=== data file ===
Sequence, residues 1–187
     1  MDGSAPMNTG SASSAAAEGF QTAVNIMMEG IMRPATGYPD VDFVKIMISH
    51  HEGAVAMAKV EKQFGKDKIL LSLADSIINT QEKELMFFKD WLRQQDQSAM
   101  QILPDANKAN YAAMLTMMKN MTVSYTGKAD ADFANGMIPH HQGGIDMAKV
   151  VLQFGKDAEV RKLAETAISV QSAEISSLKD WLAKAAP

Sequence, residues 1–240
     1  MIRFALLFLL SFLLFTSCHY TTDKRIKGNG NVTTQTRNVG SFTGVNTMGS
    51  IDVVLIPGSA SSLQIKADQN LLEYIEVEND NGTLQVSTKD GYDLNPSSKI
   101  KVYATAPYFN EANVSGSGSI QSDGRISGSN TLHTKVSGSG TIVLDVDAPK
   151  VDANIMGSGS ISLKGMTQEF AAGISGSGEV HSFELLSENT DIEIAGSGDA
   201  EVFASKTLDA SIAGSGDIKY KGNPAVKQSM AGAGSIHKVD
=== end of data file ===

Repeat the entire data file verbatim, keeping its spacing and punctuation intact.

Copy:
Sequence, residues 1–187
     1  MDGSAPMNTG SASSAAAEGF QTAVNIMMEG IMRPATGYPD VDFVKIMISH
    51  HEGAVAMAKV EKQFGKDKIL LSLADSIINT QEKELMFFKD WLRQQDQSAM
   101  QILPDANKAN YAAMLTMMKN MTVSYTGKAD ADFANGMIPH HQGGIDMAKV
   151  VLQFGKDAEV RKLAETAISV QSAEISSLKD WLAKAAP

Sequence, residues 1–240
     1  MIRFALLFLL SFLLFTSCHY TTDKRIKGNG NVTTQTRNVG SFTGVNTMGS
    51  IDVVLIPGSA SSLQIKADQN LLEYIEVEND NGTLQVSTKD GYDLNPSSKI
   101  KVYATAPYFN EANVSGSGSI QSDGRISGSN TLHTKVSGSG TIVLDVDAPK
   151  VDANIMGSGS ISLKGMTQEF AAGISGSGEV HSFELLSENT DIEIAGSGDA
   201  EVFASKTLDA SIAGSGDIKY KGNPAVKQSM AGAGSIHKVD